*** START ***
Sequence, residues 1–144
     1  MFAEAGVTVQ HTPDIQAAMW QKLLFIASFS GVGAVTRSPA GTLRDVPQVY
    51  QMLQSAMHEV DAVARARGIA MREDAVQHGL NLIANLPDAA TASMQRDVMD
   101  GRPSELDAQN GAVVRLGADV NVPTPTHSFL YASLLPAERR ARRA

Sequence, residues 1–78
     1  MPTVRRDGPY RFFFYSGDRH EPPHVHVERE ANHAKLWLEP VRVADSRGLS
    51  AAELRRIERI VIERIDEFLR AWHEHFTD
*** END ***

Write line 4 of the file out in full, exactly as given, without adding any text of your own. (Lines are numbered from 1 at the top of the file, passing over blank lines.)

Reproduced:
   101  GRPSELDAQN GAVVRLGADV NVPTPTHSFL YASLLPAERR ARRA